We searched using Google for “images of modern log houses”, because obviously we are curious what our colleagues are doing. And guess what: the second item that Google presented to us was our own house, the Eric & Flo. We take it as a compliment.
Construction speed is an important factor for consumers. Which we honestly find a little odd, because a full new build projects takes a year at least, usually two years and sometimes up to three years. Making designs, doing calculations, getting permits, sometimes it seems to take ages, and so we do not always understand why we should do the actual construction in just a few weeks when the entire project takes two years anyways.
Today we started with a new project in The Netherlands. We are going to build a panel house, about 180 m2. The foundation is ready, crane is waiting, assembly crew arrived during the weekend, and Monday morning ten ‘o clock first truck arrived. We will need five trucks for this project. There is very little space around the house, the truck can not get there. So we unload one kilometer down the road and place all materials in two containers, which we then drive to the building site.
What are the requirements for a foundation for a wooden house? They are nothing specials, i.e., not very different from the requirements for a traditional brick & mortar house foundation. A wooden house is lighter, but we don’t think that makes a lot of difference for the foundation itself. For us, as wooden house builders, there are three requirements: the foundation should be flat, it should let us anchor the house firmly, and the pipes and guides for water and electricity should be at the exact right spot.
In East Europe wooden houses are everywhere. In the smaller villages almost every houses is a wooden house. Until recently these house were a little different from the house that we build: round logs, not laminated no additional insulation a little air leak here and there is ok lots of beautiful decorations painted. And then finally: often without a serious foundation. Especially in Siberia houses are built with a minimal foundation on top of the permafrost.
Another photo from a CLT interior. Look what you can do with CLT: inside doors without frames, and without hinges! The handle is all you see.
We have been busy lately with preparing new projects and we had little time to place posts on our website. But now while cleaning a laptop we found some photos that we better place on our website right away and then later we will go search for the rest of the photos, because for sure we had some better ones. This project we finished about six months ago. The photo above was taken about three weeks before hand-over of the house.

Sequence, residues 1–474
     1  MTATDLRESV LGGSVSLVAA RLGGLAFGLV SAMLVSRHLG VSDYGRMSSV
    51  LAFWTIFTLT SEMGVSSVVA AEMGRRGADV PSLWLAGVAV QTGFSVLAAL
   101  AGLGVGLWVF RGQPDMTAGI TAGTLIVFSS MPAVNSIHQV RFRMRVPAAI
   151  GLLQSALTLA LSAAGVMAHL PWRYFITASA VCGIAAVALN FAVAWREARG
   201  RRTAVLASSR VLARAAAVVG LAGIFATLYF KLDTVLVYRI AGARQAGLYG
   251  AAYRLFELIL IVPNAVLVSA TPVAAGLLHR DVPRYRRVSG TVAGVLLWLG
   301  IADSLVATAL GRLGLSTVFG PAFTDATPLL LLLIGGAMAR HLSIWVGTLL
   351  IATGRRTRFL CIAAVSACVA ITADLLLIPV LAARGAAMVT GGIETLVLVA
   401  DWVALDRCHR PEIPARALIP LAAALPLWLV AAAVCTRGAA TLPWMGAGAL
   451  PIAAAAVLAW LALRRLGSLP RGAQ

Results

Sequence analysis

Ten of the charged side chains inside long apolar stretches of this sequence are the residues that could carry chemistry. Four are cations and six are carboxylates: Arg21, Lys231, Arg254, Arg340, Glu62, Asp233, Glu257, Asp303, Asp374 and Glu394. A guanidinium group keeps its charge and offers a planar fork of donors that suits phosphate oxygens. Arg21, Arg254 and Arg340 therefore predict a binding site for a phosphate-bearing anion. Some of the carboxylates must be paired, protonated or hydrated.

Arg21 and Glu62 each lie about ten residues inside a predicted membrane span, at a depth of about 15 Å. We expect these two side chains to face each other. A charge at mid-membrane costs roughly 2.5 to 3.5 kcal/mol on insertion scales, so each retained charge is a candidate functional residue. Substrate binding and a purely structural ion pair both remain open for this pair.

Contrary to popular belief, wooden houses have a very high life expectancy. Of course wood should be protected from humidity, but if the owner takes care of his house it will last very long. When designing a wooden house we make sure that water can always escape from the house and that walls are ventilated. What would then be life expectancy of a wooden house? We have several examples of old wooden houses in Europe.
Since our building sites are all over Europe, we travel a lot. And we meet people from all over Europe. English clients, French plumbers, Italian architects, Polish truck drivers and Russian émigrés in Spain. We love it that our generation was able to build this continent where we can travel freely in all directions. Here we are waiting for a Manitou to unload a truck in France. People on these photos communicate in French, Lithuanian, Russian, Polish and English, all at the same time.
Lithouse build houses with three types of walls: panel walls log walls cross laminated timber walls They all have pro’s and con’s, let’s dive into the details. Panel walls Panel walls are essentially hollow boxes filled with insulation material. You build a frame from 195 x 60 mm beams, and front and back you close with an 18 mm OSB-plate. Now you have a hollow box, say 2 x 3 meters and 231 mm thick.